One of the implications of the research, then, is for churches to rethink what is working in connecting with today’s younger Christians, particularly when it comes to relational and mentoring forms of spiritual development.

Purchase the full State of Discipleship report here

Discipleship as a Solo Activity?
Christian adults are split on their preferences when it comes to models of discipleship: small group, one-on-one or individual (solitary) format.

Among Christians who say spiritual growth is important, more than one-third say they prefer to pursue spiritual growth on their own (37%). Similarly, two in five of all Christian adults consider their spiritual life to be “entirely private” (41%). This is a greater proportion—though only slightly—than Christians who believe their faith, rather than being private, has an impact on relatives (37%), friends (36%) and their community (33%). In other words, one of the problems revealed by this research is that millions of Christians believe that discipleship is a solo affair, with only personal and private implications.

Even when it comes to what Christians are experiencing in the churches they attend, there does not seem to be much emphasis conveyed about the communal, relational nature of spiritual growth. Just one-third of Christian adults report that their church recommends meeting with a spiritual mentor; half of their churches publically endorse studying the Bible with a group; and half recommend studying the Bible independently.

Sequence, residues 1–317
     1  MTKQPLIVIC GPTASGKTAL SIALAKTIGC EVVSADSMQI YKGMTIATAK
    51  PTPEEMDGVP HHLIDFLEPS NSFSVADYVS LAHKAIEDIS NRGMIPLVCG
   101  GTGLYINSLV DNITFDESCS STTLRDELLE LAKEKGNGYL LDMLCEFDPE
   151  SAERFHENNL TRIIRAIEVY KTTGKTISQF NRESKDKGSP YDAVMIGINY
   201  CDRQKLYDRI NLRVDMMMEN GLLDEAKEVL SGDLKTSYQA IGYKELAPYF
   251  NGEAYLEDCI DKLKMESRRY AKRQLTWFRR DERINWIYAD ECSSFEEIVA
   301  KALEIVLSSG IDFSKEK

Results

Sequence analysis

Among Christian adults, one-quarter prefers a small-group setting for discipleship (25%). Another one in five prefers a combination of group and one-on-one discipleship (21%) and 16 percent prefer one-on-one only. Thus, in total, about one-third of those pursuing spiritual growth are including some element of one-on-one, person-to-person discipleship.

preferred method of discipleship

However, not all of those who prefer discipleship “pairs” are currently involved in a one-on-one discipleship relationship: less than one-quarter of Christians adults (23%) are currently being discipled by someone (29% of practicing vs. 12% of non-practicing Christians), and 19 percent are discipling someone else (25% of practicing vs. 9% of non-practicing Christians).